All this is not said for the mere novelty of running down America. This is a good country, but it has been in the hands of bad managers. The people have not been to blame. It has been the bodymasters of the nation. From the time we began to violate treaties made with the Indians up to the time we stole the Philippines from Spain, the managers of the Government have gyped and gouged. You can’t gyp and gouge without making enemies. Enemies will seek revenge. I don’t know but what they are entitled to it. But a country that behaves itself has no worries. Sweden and Holland are not prepared when compared with Germany and France. Yet they are not being molested. Ah, but you say, “What about Belgium?” After all of your other arguments have failed you shout, “What about Belgium?”

Most of you gents that yell never heard of Belgium until this war broke out. A lot of you probably don’t know yet that the language of the Belgians is French. Further, you don’t know that Belgium had a treaty with England and France which placed the little nation in the war before the German invasion. You may not know that French and English engineers and military experts had surveyed the land and were preparing to make it a battle ground long before Germany actually did so. It is too bad that innocent Belgians were killed. It is an outrage. But it is as much the fault of the rulers of Belgium as it is of the rulers of Germany. Belgium was “prepared,” from a military stand-point, and she is paying the price today. Sweden and Holland are not “prepared,” and are peaceful.

To be prepared means that you are ready to fight. It means that you expect a fight. And nothing in the history of the world was ever gained by a fight except honor and bruises, and neither one is worth a damn. The element that wants preparedness is the silk stocking gang. They do not expect to do any fighting themselves—war or no war—but they do expect the sucker to do it in order that they of the silken hosiery may linger languorously amid their present luxuries.

The Hammer.

A Letter From Tom Mann

Manchester, England, January 4, 1916.

Dear Friend Aleck:

I am much interested in your bringing out a new weekly. I certainly think there is room for it, and a fine chance for educational work; and you are wise not to be tied to any “ism.” I only received your letter yesterday, and hasten to send a few words of congratulation and encouragement. I feel sure you have well gauged the mental attitude of the people of the U. S. A., in your exceptional activities of the last two years; and you should be equal to commanding the co-operation of fellow workers in the Labor movement.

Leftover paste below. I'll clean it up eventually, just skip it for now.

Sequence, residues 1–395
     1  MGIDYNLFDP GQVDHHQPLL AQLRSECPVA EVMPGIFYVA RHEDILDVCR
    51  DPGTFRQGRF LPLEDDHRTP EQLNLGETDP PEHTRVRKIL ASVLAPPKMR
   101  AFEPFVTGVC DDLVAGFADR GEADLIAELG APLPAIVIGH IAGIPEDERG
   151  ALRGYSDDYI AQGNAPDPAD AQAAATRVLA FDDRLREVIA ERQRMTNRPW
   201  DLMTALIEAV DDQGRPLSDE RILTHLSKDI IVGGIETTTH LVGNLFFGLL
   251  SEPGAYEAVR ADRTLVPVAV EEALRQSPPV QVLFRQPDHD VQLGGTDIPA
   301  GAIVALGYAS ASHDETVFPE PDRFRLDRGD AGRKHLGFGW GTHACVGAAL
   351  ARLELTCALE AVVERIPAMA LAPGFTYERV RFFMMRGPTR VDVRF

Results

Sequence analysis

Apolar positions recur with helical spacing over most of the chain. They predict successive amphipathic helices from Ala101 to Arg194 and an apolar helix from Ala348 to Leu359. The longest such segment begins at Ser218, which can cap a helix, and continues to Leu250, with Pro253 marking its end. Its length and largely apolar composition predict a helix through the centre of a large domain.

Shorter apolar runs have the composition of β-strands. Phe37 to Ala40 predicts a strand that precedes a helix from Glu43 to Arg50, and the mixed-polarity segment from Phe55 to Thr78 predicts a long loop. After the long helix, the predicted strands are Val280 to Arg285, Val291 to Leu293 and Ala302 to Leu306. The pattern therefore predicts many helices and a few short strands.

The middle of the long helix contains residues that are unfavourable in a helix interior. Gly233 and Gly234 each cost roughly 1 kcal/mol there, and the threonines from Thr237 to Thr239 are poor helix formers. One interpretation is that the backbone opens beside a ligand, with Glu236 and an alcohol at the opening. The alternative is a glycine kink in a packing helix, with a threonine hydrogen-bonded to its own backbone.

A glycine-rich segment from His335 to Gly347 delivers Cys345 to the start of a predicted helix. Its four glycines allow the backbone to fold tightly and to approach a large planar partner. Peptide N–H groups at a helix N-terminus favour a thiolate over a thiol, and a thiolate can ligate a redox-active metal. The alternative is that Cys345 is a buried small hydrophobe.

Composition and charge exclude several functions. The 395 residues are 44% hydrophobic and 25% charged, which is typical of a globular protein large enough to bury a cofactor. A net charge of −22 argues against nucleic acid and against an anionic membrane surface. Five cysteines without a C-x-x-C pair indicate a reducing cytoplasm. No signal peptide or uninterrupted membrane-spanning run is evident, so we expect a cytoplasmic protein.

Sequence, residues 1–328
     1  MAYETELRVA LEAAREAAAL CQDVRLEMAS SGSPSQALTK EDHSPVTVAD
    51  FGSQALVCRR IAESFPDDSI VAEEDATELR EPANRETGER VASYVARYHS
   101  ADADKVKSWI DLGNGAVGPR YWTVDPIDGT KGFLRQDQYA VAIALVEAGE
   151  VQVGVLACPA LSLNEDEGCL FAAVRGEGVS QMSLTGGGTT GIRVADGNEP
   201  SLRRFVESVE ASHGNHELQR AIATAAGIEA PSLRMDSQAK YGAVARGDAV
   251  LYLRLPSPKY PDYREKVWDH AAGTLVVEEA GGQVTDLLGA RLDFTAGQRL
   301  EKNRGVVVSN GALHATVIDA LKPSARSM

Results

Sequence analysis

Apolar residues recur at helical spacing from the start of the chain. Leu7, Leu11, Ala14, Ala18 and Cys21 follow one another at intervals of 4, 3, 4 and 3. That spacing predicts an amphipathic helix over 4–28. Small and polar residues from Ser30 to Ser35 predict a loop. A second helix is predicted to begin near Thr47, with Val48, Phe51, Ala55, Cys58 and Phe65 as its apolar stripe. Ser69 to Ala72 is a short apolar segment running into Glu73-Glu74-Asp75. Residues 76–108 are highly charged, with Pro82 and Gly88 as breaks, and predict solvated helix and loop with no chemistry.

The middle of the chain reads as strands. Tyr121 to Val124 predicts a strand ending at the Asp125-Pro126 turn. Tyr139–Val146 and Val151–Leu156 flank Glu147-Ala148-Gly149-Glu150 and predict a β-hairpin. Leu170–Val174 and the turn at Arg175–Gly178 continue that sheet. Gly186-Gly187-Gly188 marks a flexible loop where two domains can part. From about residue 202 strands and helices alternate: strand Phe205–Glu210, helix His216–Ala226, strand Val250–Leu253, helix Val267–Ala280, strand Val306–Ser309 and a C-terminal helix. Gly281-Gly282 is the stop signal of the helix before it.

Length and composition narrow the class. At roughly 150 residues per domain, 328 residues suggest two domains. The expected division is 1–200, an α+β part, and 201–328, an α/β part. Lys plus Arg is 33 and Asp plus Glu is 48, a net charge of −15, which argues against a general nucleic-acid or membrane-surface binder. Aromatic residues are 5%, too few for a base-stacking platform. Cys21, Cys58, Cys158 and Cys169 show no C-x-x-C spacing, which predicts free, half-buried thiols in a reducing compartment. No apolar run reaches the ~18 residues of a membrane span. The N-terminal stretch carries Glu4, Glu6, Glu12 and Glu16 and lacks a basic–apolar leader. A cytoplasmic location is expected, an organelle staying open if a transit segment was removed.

As you are aware, I lay especial stress upon the Industrial Organization. The longer I live, and the more experience I get, the greater importance I attach to organization. Of course I know how reactionary some organizations are, and how sadly the best of them need a proper appreciation of the Ideal; but I can recall no effort that has been put forth within my experience, no matter how self-sacrificing it may have been, or lofty in aim and aspiration that has really benefited the worker in any direct way except through the agency of organization.

So if I may venture to say so, I hope THE BLAST will stand definitely for industrial organization, for each and every section of the workers; and while advocating the highest ideals, will always favor the practical application of the principle of betterment, and do something of value in raising the standard of life of the workers by hand and brain.

Here in England, in the eighteenth month of the war, the changing psychology of the workers is in a plastic condition. Special efforts are being made to enroll in the army all of a military age; already there are four and a half millions in the British army, and over two millions on munition work, and in connection with the efforts of the conscriptionists and the opponents thereto, there is many a lively tussle taking place. Many workmen are under the impression that it is the intention of conscriptionists to apply the compulsory principle to the industrial workers, and therefore they are very hostile. In this connection comes along the right relationship of the workers, individually and collectively, to the State, and especially as regards what shall be attempted after the war.

It is not easy to learn with correctness what is going on in the workers’ ranks in Germany, but having regard for the large percentage which undoubtedly desired to see drastic social and economic changes before the war, it must surely be the case that most of them or all of them equally desire such change brought about as speedily as possible. Europe is certainly in the melting pot, and what will be the outcome is difficult to forecast, but I fail to see any force in the arguments of those who contend that the United States ought to take part in the war.

Russia alone could provide another fifteen million soldiers, as far as man power goes, if necessary. As regards the fleet, the combined navies of the Allies are on such a scale that another dozen or so of battleships is of little account.